Toyota 4Runner Oil Change Parts and Torque Settings
This is a quick reference I made for a Toyota 4Runner oil change. Since there are tons of post and Youtube videos on doing an oil change, I put all the things I looked up along the way in this quick reference. One of the things that bugged me was getting all the little details that go along with an oil change. The following are all the little details I collected doing an oil change on my 2001 Toyota 4Runner.
How many miles between oil changes? 5,000 miles
I’ve been doing oil changes at 5,000 mile intervals on my 2001 Toyota 4Runner. My 4Runner is now pushing 223,880 miles and is still running strong. There’s an old saying that you need to do an oil change every 3,000 miles. This was a common mantra for older cars using conventional oil. Today with synthetic oil, 5,000 miles is perfectly safe. You can get oil that claims up to 15,000 miles of protection, but that just seems unreasonably long between changes. It’s more likely that your car will burn enough oil that you would need an oil change far earlier.
What type of motor oil? 6 QUARTS OF 5W-30
I always run synthetic oil in all my cars and Mobil 1 is the most common synthetic oil at most stores. For my 2001 Toyota 4Runner oil change, the manual calls for6 Quarts of 5W-30 motor oil. On my 4Runner, I switched over to Mobil 1 5w-20 extended performance to see if I get any better fuel economy using a slightly thinner oil. This is the oil weight Toyota specs for the newer 4Runners. It says that it’s rated for up to 15,000 miles, but I’ll switch it out at 5,000 like normal.
What type of oil filter? BOSCH 3330
For a 2001 Toyota 4Runner oil change, the oil filter is a Bosch 3330. I have tried a couple of different brand of oil filters and I never had a problem with any of them failing. Just use an OEM filter or high-quality oil filter, it’s not much more than the cheap generic brands.
What size is the drain plug? 14mm
What part number is the drain plug washer? Toyota Part # 90430-12031
The drain plug has a soft 1-time use washer. Most people just reuse the old washer but you should replace it each time you do an oil change. You can get a 10 pack of washers for less than $10 and have plenty left over. I have a 2008 Toyota Tundra that I use these washers when I do an oil change.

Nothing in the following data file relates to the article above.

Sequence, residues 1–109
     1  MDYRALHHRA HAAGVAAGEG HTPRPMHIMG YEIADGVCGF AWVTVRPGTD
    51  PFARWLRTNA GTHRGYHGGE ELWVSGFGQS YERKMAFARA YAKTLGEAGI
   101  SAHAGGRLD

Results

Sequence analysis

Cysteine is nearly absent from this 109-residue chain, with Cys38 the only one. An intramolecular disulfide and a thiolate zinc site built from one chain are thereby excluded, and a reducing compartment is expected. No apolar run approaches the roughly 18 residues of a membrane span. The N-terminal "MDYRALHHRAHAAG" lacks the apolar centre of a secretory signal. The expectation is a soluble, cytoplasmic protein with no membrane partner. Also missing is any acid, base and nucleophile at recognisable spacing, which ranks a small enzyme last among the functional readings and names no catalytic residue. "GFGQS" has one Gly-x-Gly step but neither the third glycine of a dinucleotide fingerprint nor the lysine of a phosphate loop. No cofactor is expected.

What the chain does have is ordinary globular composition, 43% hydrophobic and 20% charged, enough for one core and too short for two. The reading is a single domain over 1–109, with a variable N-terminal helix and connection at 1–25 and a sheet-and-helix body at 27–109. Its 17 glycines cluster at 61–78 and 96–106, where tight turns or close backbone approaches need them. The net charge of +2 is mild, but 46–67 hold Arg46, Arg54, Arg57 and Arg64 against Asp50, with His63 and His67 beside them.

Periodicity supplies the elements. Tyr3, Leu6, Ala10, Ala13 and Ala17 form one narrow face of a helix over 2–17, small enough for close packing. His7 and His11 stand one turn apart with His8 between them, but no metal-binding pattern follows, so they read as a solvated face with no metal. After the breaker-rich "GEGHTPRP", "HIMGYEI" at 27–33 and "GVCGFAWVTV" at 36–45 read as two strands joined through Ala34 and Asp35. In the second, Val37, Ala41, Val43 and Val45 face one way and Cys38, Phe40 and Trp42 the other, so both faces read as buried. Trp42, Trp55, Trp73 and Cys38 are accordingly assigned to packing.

What is the drain plug torque setting? 29 ft/pounds
What is the Oil Filter torque setting? Hand tighten + 1/2 turn
The oil filter doesn’t need to be cranked down on. You can hand tighten it until you feel it’s fully seated, then turn it another half turn to snug it up.
Tips for doing an oil change
With doing an oil change, there are a couple of tools and tips that make it go a little easier. The first tip is to give yourself enough room to get under the car. I used to jack up the front of my cars and put them on jack stands, but lately, I have been using car ramps. I bought a set of RhinoGear 16,000 pound car ramps. They are plenty strong for a Toyota 4Runner oil change and I use them on my Toyota Tundra. Even though both trucks have plenty of room underneath them to work, the extra height of the ramps let you sit up and move around easier. It also gives you room to use a large oil drain bucket, which is my next tip.
Oil Drip Pan and a 5 Gallon Bucket
With a car up on ramps, you can use a standard 5-gallon spackle bucket you can pick up anywhere. The extra height of the bucket keeps the oil from splattering around. It also helps when moving the bucket out from the car and keeping the oil from sloshing around and over the side. It’s annoying to finish draining oil only to spill it all over the place when you are dragging a small oil pan from under your truck.
The other tip from draining oil is to use an oil drip pan underneath everything while you are working. The big 5-gallon bucket will catch all the oil, but you will always need a place to place your tools and drain plug down that might have oil on it.
Drain Plug Washers
The last tip is a pretty simple one of using a new drain plug washer each time you change your oil. It’s cheap insurance and also prevents a slow drip from the oil pan. Just keep an eye out that the washer doesn’t get stuck to the oil pan after taking the drain plug out.
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